###### Proposition 1.

Suppose , then the Jost integral equation (20) has unique solutions defined by Eq. (18) in . Moreover, the columns and can be extended analytically to and continuously to , and and can be extended analytically to and continuously to , where is the -th column of .

###### Proof.

As , . Let , which satisfy (cf. Eq. (20))

 ˆμ±(x,t;z)=I+∫x±∞eiλ(z)(x−y)ˆσ3[E±(z)−1ΔQ±(y,t)E±(z)ˆμ±(y,t;z)]dy.

For the first column of , one has

 ˆμ+1(x,t;z)=[10]−∫+∞xH(x,y,t;z)ˆμ+1(y,t;z)dy, (21)

where . As usual, a Neumann series for is introduced as

 ˆμ+1(x,t;z)=∞∑n=0ˆμ[n]+1(x,t;z) (22)

with ’s defined by

 ˆμ[0]+1(x,t;z)=[10],ˆμ[n+1]+1(x,t;z)=−∫+∞xH(x,y,t;z)ˆμ[n]+1(y,t;z)dy.

For , we have

 ||H(x,y,t;z)||1≤∣∣∣∣diag(1,e−2iλ(z)(x−y))∣∣∣∣1∣∣∣∣E−1+(z)∣∣∣∣1||ΔQ+(y,t)||1||E+(z)||1≤(|z|+q0)2∣∣z2+q20∣∣|q−q+|.

For , we restrict to the domain , where the domain is defined by . Combining with the fact that as , one can infer that there exists a positive constant such that for . Therefore, for . Furthermore, one can obtain the recursion inequality:

 ∣∣∣∣ˆμ[0]+1(x,t;z)∣∣∣∣1≤1,∣∣∣∣ˆμ[n+1]+1(x,t;z)∣∣∣∣1≤cϵ∫+∞x|q−q+|∣∣∣∣ˆμ[n]+1(y,t;z)∣∣∣∣1dy. (23)

In terms of Eq. (23) one can find the estimate for each term of the series as

 ∣∣∣∣ˆμ[n]+1(x,t;z)∣∣∣∣1≤cnϵn!(∫+∞x|q−q+|dy)n,z∈D[ϵ]+,n∈N (24)

which implies that the series converges uniformly in the domain . Thus is continuous in and analytic in . Besides, the arbitrariness of infers that is continuous in and analytic in . As , Eq. (24) also can infer that

 ∣∣∣∣ˆμ[n]+1(y,t;z)∣∣∣∣1≤cnϵn!(∫+∞x|q−q+|dy)n,z∈D[ϵ]+,n∈N, (25)

which derive that converges uniformly in . With Lemma 1, one obtains

 ˆμ+1(x,t;z)=∞∑n=0ˆμ[n]+1(x,t;z)=[10]+∞∑n=0ˆμ[n+1]+1(x,t;z)=[10]−∞∑n=0∫+∞xH(x,y,t;z)ˆμ[n]+1(y,t;z)dy=[10]−∫+∞xH(x,y,t;z)(∞∑n=0ˆμ[n]+1(y,t;z))dy=[10]−∫+∞xH(x,y,t;z)ˆμ+1(y,t;z)dy,z∈D[ϵ]+ (26)

Eq. (26) with the arbitrary of illustrates the existence of the solution for Eq. (21). Using the following inequality,

 ∣∣∣∣∣∣ˆμ+1(x,t;z)−[10]∣∣∣∣∣∣1≤∞∑n=1∣∣∣∣ˆμ[n]+1(x,t;z)∣∣∣∣1=∞∑n=0∣∣∣∣ˆμ[n+1]+1(x,t;z)∣∣∣∣1≤∞∑n=01(n+1)!(cϵ∫+∞x|q−q+|dy)n+1≤(cϵ∫+∞x|q−q+|dy)exp(cϵ∫+∞x|q−q+|dy), (27)

one gives the asymptotic of :

 ˆμ+1(x,t;z)=[10]+o(1)asx→+∞.

To illustrate the uniqueness of the solution for integral equation (21), we need to prove that the homogeneous integral equation has only zero solution. Now we write the homogeneous integral equation as

 ˇμ+1(x,t;z)=−∫+∞xH(x,y,t;z)ˇμ+1(y,t;z)dy.

It is easy to infer that

 ∣∣∣∣ˇμ+1(x,t;z)∣∣∣∣1≤∫+∞x∣∣∣∣H(x,y,t;z)ˇμ+1(y,t;z)∣∣∣∣1dy≤∫+∞xcϵ|q−q+|∣∣∣∣ˇμ+1(y,t;z)∣∣∣∣1dy. (28)

Let . Then one can obtain the following inequality for :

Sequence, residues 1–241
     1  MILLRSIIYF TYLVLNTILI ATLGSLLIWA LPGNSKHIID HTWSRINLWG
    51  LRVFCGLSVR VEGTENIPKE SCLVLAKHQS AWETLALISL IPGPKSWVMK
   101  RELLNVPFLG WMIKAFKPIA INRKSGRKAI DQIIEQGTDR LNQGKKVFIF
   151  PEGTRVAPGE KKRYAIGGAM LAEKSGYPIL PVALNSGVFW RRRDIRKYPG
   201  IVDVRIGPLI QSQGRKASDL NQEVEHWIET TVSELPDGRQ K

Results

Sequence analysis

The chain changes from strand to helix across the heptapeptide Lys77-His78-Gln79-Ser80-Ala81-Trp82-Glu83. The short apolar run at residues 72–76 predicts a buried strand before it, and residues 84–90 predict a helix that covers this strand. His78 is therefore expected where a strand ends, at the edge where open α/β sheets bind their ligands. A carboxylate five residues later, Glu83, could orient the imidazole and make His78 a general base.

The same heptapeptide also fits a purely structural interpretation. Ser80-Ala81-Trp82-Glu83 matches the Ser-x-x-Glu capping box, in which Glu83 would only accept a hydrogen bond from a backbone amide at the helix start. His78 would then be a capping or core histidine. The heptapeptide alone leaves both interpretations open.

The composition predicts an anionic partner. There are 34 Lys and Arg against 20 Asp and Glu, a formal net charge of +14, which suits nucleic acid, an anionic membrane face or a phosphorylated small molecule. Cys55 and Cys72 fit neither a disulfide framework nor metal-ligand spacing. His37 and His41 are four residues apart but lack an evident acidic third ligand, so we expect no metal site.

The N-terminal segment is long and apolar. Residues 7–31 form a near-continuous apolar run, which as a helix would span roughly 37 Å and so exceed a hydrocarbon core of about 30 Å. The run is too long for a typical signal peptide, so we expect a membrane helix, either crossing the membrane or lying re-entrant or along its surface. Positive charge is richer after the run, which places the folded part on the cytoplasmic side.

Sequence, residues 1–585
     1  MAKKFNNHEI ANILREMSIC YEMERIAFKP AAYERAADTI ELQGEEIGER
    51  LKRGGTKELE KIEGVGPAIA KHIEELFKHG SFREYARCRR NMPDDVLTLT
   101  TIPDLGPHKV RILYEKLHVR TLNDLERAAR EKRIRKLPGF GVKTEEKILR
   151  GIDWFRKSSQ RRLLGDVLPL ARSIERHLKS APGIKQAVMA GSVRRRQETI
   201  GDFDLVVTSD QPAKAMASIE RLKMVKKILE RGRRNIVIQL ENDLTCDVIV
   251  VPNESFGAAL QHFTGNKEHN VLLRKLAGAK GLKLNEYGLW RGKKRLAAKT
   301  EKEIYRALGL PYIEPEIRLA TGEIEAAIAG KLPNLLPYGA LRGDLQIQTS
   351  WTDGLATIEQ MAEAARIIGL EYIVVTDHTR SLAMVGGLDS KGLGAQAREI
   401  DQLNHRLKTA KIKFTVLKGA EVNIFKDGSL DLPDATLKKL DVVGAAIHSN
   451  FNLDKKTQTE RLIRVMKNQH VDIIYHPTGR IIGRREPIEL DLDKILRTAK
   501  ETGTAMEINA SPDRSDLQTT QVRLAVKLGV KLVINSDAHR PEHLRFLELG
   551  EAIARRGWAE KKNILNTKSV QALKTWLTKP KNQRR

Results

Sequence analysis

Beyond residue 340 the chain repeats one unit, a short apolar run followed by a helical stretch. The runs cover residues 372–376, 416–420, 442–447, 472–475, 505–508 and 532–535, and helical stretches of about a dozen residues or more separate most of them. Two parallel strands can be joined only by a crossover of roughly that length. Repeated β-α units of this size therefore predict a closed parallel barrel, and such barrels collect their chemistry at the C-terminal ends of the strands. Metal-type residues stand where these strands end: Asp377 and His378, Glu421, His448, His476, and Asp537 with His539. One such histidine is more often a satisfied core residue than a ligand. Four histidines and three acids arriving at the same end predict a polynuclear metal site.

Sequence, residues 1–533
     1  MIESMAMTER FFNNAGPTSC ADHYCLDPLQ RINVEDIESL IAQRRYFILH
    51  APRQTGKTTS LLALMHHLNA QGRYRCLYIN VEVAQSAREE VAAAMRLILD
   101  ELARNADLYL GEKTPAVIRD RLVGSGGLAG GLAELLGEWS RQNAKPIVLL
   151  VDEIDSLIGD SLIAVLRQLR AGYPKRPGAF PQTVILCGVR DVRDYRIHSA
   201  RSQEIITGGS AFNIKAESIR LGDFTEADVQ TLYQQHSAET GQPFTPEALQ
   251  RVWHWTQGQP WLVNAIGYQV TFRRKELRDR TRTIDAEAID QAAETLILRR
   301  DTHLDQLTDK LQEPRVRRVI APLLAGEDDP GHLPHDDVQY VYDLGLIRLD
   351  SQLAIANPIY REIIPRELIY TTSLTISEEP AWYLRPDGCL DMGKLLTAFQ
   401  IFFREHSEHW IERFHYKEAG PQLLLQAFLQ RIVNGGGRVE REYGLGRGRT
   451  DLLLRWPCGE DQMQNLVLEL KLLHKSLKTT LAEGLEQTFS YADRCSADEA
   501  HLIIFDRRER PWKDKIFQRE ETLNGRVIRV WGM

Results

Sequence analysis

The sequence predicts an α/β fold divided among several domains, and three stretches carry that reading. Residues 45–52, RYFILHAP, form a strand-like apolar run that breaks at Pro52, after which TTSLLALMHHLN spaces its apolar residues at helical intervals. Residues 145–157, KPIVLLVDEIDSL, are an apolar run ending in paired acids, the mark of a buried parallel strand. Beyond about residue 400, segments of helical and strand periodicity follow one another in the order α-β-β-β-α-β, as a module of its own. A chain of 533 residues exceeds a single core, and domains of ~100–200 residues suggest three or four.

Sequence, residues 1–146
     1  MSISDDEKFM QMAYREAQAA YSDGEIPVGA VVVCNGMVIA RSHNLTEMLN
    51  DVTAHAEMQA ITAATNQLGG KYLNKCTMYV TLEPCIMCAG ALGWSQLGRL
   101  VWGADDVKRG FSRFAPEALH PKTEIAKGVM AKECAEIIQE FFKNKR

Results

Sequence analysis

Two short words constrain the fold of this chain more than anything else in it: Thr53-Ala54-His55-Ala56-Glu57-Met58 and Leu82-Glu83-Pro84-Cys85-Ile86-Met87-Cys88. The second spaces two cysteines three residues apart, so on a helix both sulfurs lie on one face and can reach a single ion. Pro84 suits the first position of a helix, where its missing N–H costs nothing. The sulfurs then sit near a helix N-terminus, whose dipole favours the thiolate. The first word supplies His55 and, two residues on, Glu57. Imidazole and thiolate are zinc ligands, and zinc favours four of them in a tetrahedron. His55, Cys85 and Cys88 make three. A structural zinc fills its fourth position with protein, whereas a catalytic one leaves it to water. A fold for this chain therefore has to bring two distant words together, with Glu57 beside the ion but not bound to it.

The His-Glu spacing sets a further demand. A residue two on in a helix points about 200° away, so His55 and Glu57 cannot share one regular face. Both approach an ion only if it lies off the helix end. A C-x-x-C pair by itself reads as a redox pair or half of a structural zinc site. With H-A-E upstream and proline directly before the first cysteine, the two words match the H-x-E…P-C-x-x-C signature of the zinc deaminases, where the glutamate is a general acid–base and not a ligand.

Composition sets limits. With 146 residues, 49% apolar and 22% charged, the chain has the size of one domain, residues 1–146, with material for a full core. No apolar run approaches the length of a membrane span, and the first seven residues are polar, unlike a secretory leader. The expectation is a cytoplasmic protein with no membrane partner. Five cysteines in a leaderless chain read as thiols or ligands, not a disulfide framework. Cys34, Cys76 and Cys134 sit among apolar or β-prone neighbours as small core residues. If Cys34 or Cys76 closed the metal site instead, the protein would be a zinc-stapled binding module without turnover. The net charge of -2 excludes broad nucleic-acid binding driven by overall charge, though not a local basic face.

R′(x)=−cϵ|q−q+|∣∣∣∣ˇμ+1(y,t;z)∣∣∣∣1≥−cϵ|q−q+|R(x),

that is,

 [R(x)exp(−∫+∞xcϵ|q−q+|dy)]′≥0.

By the monotonicity, one obtains

 0≤R(x)exp(−∫+∞xcϵ|q−q+|dy)≤limx→+∞R(x)exp(−∫+∞xcϵ|q−q+|dy)=0,

which derives . Combining with in Eq. (28), one can infer . Then the uniqueness is proved. The existence, uniqueness, continuity, and analyticity of can also follow from . Similarly, one can also verify the corresponding properties of using the above-mentioned approach and here we omit them. ∎

###### Corollary 1.

Suppose , then Eq. (5) has unique solutions defined by Eq. (17) in . Moreover, and can be extended analytically to and continuously to , and and can be extended analytically to and continuously to , where is the -th column of .

###### Proof.

The proof can be deduced from Proposition 1 by Eq. (18). ∎

###### Proposition 2.

Suppose , then the Jost integral equation (20) has unique solutions defined by Eq. (18) in . Besides, and can be extended analytically to and continuously to while and can be extended analytically to and continuously to .

###### Proof.

It follows from Proposition 1 that we here only need to verify the existence, uniqueness and continuity of at .

satisfies the following integral equation:

 μ+1(x,t;±iq0)=[1eiθ+]−∫+∞x[I+(x−y)(Q+∓q0σ3)]ΔQ+(y,t)μ+1(x,t;±iq0)dy,

where is the argument of . Similarly, we introduce a Neumann series

 μ+1(x,t;±iq0)=∞∑n=0μ[n]+1(x,t;±iq0)

with

 μ[0]+1(x,t;±iq0)=[1eiθ+],μ[n+1]+1(x,t;±iq0)=−∫+∞x[I+(x−y)(Q+∓q0σ3)]ΔQ+(y,t)μ[n]+1(x,t;±iq0)dy,n=0,1,2,....

As , one has

 ||[I+(x−y)(Q+∓q0σ3)]ΔQ+(y,t)||1≤2[1+q0(y−x)]|q−q+|,

which can be used to get the recursion inequality:

 ∣∣∣∣μ[0]+1(x,t;±iq0)∣∣∣∣1≤2,∣∣∣∣μ[n+1]+1(x,t;±iq0)∣∣∣∣1≤∫+∞x2[1+q0(y−x)]|q−q+|∣∣∣∣μ[n]+1(x,t;±iq0)∣∣∣∣1dy.

In the condition of , one has

 1+q0(y−x)≤[1−q0min(x,0)]